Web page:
Chelsea. A lavish corner of west London adorned by the wealthy and the rich and famous. Anyone who's anyone with money lives round here. Their football club are synonymous with the area in which they call home.
Yet for Manchester United, there is simply ususally nothing doing in these parts. Reduced to the role of the pilfering pauper, SW6 is the unhappiest hunting ground of all. Death, taxes and defeat at Stamford Bridge, to reword Benjamin Franklin. That's how things have been for years - even throughout the silver-laden tenure of Sir Alex, we hit a mental block when it came to visits here.
There have been a succession of hard-luck stories, a string of controversial decisions and some of the best Chelsea sides we have seen. There's something in the west London water that reduces all those in red to a quivering wreck. Two wins in 14 visits tells you everything you need to know.
Yet as Bob Dylan once sang, for the times-they-are-a-changin'. Having not won at Stamford Bridge since 2012, Ole Gunnar Solskjaer ended that hoodoo back in February on his first visit as United boss. In mitigation, that was against a Chelsea side in a serious state of flux under Maurizio Sarri, who would be gone amidst a cacophony of discontent a mere three months later. For as good as United were on that FA Cup night, Chelsea were equally as poor. The curse of south west London had been lifted - but for how long. All eyes turned to the next meeting.
Of course, the two sides had met once already this season before this distinctly low key cup clash. Messrs Solskjaer and Lampard - in what was his first game in charge of his beloved Blues - locked horns on the opening day of the season. Ole may have prevailed, but it was the younger of the two rookie bosses that would have the last laugh. United ran out 4-0 winners - it seems almost an anomaly - but it was yet another false dawn as we would win only two further league games in as many months. It could hardly have been a worse barometer of how the two's seasons would unfold.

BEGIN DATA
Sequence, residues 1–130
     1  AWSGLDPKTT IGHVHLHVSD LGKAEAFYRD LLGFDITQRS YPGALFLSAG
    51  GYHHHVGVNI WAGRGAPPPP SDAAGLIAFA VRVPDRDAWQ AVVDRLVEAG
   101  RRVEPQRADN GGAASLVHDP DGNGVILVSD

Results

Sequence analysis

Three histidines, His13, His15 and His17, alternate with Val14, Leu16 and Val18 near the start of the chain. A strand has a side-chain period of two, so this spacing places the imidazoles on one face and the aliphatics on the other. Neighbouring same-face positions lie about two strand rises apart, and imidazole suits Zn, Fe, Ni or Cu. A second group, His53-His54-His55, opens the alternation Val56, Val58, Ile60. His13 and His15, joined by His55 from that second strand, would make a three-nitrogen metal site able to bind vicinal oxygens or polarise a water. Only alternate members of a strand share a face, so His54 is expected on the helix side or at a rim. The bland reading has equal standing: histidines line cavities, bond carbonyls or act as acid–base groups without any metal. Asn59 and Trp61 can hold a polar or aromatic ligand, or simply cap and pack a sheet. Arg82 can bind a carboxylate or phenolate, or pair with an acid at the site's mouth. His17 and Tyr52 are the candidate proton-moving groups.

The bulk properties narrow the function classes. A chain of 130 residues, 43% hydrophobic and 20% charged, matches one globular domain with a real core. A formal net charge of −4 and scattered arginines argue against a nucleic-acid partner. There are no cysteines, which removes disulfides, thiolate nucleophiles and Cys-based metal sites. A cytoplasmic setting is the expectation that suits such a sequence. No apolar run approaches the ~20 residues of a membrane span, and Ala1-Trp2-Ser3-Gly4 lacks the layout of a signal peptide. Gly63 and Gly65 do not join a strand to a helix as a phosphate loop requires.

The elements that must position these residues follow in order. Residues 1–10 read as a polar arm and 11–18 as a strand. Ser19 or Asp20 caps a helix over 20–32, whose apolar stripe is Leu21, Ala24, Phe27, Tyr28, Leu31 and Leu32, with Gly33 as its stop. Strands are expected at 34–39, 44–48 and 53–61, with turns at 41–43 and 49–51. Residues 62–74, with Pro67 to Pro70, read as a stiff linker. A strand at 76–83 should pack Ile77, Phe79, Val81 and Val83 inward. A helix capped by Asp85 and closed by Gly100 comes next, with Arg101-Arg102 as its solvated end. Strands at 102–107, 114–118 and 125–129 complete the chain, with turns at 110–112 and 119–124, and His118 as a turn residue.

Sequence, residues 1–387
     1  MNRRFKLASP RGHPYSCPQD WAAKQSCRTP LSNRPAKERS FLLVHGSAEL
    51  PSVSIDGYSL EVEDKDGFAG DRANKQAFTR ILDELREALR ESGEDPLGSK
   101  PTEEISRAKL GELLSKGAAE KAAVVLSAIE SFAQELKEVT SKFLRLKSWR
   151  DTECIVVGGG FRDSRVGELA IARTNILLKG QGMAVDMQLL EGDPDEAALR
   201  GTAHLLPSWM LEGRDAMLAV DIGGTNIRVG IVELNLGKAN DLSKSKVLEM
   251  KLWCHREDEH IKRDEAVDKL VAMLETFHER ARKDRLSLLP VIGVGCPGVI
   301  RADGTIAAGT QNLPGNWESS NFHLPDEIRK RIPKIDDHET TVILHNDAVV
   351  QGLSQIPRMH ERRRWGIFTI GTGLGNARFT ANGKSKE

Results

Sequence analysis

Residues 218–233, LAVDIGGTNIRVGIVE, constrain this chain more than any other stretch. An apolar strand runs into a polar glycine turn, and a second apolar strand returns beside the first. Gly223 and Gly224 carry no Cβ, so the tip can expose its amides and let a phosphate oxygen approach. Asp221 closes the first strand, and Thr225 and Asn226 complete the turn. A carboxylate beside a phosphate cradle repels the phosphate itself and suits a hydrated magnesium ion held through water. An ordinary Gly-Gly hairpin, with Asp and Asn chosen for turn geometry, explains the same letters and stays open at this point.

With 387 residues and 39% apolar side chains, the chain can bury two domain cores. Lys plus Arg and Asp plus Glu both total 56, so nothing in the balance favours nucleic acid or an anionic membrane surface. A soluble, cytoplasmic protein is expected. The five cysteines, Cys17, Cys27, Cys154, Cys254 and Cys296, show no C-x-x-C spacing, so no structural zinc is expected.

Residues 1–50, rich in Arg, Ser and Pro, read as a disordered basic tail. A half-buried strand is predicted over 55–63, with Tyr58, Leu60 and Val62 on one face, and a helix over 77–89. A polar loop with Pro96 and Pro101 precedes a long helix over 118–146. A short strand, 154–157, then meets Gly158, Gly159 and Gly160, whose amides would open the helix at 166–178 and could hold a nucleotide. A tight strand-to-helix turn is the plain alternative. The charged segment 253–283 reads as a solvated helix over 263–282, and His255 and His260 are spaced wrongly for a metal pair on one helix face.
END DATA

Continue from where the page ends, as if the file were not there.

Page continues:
The marked improvement in his team’s results and performances since that
defeat to United painted a flattering picture of the impact that the
41-year-old Lampard is having.
After the United defeat, Chelsea lost on penalties to Liverpool in
the European Super Cup final and drew at home to Leicester and Sheffield
United either side of a close-fought 3-2 victory at Norwich.
There were signs Lampard’s team could cause problems going forward but were perhaps lacking defensively.
Blues would then suffer back-to-back losses against Valencia and
Liverpool, but an impressive performance against the Premier League
leaders earned Lampard and his side a rare round of applause in the face
However, in the month since then Chelsea have beaten all comers, conceding just five in seven games.
The two clubs and their bosses are in almost identical situations - each is a club legend in the job of their dreams, rookie managers working under a flawed board structure with a fanbase disillusioned by previous regimes. All the signs pointed towards another win for Lampard and his side in the second meeting of the season, but Solskjaer again came out on top. "Super Frank's" kryptonite indeed.
Two meetings, 2-0 to Solskjaer. Two successive wins at Stamford Bridge and three from our last four meetings against the Blues. Having won twice in 14 years in SW6, Ole has done it twice in eight months.
He's at the wheel again!